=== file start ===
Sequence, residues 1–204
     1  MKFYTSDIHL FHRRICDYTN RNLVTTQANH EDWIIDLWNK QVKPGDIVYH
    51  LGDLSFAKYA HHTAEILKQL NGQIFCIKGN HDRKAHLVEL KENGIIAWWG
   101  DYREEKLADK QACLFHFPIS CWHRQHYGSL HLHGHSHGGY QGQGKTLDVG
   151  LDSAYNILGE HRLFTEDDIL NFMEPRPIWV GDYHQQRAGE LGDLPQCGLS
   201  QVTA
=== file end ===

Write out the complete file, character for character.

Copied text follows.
Sequence, residues 1–204
     1  MKFYTSDIHL FHRRICDYTN RNLVTTQANH EDWIIDLWNK QVKPGDIVYH
    51  LGDLSFAKYA HHTAEILKQL NGQIFCIKGN HDRKAHLVEL KENGIIAWWG
   101  DYREEKLADK QACLFHFPIS CWHRQHYGSL HLHGHSHGGY QGQGKTLDVG
   151  LDSAYNILGE HRLFTEDDIL NFMEPRPIWV GDYHQQRAGE LGDLPQCGLS
   201  QVTA